An interest in folklore and ghost stories encourages reading, travel, interest in history and historical preservation, and tourism.
We often hear of negativity surrounding places associated with legends and lore: vandalism, trespassing, breaking and entering, drug use and underage drinking. The media loves to associate criminal activity with amateur ghost hunting, such as the break in at Ness Church in Litchfield, Minnesota.
Interest in folklore, ghost stories, and legend tripping, however, can have many positive effects. Those subjects can be (and usually are) a gateway to developing interests in other areas. These areas include, but are not limited to:
Reading: Reading was my first introduction to ghost stories. When I was a kid, I devoured every book I could find on the subject and spent countless hours at the library as a result. While there are plenty of reality TV shows devoted to the paranormal these days, literature is still the primary means of preserving and transmitting ghost stories. A child should be encouraged to pursue his or her interest in legends and lore through reading.
Travel: Most people will not want to stop at reading about local legends and ghost stories, they will want to explore those locations themselves. Parks, colleges, libraries, and museums are often the setting for ghost stories. In an age when kids spend most of their free time in front of a TV or their computer screen, they should be encouraged to get out and visit these places. Road trips to other towns and even states broaden horizons and expose the visitor to new people, cultures, and environments. Travel can also help develop a sense of independence and teach planning and map reading skills.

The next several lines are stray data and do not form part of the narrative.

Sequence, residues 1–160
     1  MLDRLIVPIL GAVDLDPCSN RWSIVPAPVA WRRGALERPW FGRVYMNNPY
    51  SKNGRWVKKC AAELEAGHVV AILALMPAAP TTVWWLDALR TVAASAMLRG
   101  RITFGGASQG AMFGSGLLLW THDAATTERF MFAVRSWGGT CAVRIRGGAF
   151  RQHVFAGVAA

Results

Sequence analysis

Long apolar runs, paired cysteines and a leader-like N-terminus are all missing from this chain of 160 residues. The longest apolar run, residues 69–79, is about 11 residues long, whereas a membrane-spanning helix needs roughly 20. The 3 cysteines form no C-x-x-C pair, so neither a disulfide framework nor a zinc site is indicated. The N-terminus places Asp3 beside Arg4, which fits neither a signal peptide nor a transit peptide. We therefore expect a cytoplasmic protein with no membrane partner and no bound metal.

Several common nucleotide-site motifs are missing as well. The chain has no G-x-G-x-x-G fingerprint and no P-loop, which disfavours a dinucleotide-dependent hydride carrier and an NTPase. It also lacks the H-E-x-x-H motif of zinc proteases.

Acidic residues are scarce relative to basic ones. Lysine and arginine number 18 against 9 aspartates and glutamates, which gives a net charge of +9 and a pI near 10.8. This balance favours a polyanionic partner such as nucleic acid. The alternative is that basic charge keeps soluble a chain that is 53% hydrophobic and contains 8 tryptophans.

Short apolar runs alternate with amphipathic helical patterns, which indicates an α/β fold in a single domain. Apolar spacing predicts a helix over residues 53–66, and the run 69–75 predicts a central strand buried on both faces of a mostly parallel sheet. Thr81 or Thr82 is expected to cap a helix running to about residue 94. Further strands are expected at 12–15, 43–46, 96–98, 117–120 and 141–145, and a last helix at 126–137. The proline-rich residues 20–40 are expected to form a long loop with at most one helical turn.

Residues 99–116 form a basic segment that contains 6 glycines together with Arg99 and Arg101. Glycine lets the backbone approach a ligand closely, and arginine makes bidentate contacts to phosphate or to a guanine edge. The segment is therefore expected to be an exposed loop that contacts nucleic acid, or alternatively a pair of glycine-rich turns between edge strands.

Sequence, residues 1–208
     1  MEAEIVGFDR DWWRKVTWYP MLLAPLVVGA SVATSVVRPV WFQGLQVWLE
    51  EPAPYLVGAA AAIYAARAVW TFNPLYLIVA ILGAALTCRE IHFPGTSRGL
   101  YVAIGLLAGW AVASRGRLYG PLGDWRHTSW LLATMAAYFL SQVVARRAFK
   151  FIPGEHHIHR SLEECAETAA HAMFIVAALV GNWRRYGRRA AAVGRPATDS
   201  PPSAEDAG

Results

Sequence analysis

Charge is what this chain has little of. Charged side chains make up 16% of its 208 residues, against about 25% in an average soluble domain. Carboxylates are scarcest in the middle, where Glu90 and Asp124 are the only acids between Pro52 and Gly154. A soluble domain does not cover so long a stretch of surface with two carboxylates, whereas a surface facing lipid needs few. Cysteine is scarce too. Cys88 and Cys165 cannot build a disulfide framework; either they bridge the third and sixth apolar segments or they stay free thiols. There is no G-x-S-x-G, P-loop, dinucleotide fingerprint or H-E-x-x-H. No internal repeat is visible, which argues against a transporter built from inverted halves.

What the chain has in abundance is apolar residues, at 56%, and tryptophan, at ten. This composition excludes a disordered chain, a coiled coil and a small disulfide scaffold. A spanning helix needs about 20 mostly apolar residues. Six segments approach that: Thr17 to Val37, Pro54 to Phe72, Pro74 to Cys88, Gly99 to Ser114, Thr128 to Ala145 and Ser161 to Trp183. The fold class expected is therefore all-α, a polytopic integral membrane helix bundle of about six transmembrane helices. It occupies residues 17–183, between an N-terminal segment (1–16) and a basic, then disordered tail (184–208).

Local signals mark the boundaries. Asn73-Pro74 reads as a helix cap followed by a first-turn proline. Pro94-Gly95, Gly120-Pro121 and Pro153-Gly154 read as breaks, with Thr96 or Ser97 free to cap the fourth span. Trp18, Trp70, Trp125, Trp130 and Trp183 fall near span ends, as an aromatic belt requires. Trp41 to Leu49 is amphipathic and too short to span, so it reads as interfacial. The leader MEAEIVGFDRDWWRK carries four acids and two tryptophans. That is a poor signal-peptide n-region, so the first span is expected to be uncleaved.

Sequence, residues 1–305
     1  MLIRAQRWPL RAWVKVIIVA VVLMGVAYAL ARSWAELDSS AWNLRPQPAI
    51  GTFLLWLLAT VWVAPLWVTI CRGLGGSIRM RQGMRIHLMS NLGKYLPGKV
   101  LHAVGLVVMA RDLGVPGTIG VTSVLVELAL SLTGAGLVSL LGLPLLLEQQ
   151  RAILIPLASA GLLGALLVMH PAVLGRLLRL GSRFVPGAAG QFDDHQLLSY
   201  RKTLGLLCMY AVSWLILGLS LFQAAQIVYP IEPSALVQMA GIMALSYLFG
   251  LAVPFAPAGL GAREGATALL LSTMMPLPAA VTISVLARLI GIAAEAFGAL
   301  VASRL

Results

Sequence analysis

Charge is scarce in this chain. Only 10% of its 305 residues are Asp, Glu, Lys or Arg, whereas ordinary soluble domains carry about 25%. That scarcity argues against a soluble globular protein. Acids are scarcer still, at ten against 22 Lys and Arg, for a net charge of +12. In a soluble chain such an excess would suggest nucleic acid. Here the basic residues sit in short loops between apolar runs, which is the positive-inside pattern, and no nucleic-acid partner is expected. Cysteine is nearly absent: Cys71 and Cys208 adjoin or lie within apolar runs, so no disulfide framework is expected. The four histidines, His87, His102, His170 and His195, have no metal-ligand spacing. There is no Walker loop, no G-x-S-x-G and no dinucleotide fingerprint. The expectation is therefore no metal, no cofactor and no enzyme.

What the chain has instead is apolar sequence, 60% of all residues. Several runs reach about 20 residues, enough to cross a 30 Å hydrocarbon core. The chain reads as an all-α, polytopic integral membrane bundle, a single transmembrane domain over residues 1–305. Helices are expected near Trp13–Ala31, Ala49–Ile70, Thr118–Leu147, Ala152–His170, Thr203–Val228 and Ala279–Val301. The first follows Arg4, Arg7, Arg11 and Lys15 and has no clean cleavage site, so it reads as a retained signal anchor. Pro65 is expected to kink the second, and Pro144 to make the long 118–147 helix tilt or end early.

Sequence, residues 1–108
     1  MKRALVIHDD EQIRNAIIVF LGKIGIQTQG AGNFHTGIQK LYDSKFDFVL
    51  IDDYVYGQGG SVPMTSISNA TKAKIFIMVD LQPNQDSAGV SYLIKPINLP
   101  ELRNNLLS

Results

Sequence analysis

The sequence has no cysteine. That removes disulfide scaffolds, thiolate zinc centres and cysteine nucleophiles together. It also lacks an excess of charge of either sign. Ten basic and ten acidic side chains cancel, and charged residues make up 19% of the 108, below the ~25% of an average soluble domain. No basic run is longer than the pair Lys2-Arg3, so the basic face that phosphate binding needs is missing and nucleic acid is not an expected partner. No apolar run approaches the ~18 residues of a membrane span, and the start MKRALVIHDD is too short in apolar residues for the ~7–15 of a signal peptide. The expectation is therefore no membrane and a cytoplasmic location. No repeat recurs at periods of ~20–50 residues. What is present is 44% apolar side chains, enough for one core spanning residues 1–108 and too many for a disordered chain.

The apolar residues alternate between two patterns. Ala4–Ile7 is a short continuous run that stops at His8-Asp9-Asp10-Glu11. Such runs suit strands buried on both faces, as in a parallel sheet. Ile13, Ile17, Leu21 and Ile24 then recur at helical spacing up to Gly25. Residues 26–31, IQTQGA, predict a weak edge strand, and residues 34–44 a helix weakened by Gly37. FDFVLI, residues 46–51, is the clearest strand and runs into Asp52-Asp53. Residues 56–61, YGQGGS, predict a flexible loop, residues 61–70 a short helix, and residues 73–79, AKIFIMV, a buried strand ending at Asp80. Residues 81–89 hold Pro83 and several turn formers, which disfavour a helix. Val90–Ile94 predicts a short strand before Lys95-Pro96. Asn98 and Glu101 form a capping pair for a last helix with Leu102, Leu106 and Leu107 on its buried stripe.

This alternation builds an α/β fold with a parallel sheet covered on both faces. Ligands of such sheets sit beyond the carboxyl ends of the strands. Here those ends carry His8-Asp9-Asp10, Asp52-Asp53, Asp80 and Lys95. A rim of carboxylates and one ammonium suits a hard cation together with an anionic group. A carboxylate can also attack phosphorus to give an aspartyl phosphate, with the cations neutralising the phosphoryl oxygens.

History: Some people are content to simply listen to a good story, but most want to know more. Why is a particular place believed to be haunted? Did a real event inspire the tales? This curiosity naturally develops into an interest in history. Many books of ghostlore also include extensive histories of each location. It is a fun and interesting way to learn about the past, assuming the information is accurate. I’ve found several instances where a ghost story was the only thing preserving the memory of a past event.
Preservation: Many local legends and ghost stories take place in cemeteries, historic buildings, and near monuments. While these tales do sometimes help contribute to vandalism, they can also have the opposite effect. Ghost tours and paranormal-themed events can help raise money to restore a historic building or cemetery. The stories can develop a fan base for a location, providing a pool of volunteers for cleanups and beautification. A person who is initially interested in the ghost stories at an old cemetery may become interested in learning about ways to repair and reset broken headstones.
Tourism: Last but not least, local legends and ghost stories are a good way to promote an interest in tourism. As states like New York have discovered, tourists interested in the paranormal are an untapped resource. Thousands of people each year visit allegedly haunted locations, and those people contribute to the local economy and consumer tax base (at bare minimum, they spend money on food and gas). In the process of visiting haunted places, the tourist may also discover other locations he or she is interested in seeing.
This list is by no means exhaustive, but I hope it has given some food for thought to skeptics and ammunition to those who wish to counter the media’s negative portrayal of people interested in folklore and ghost stories.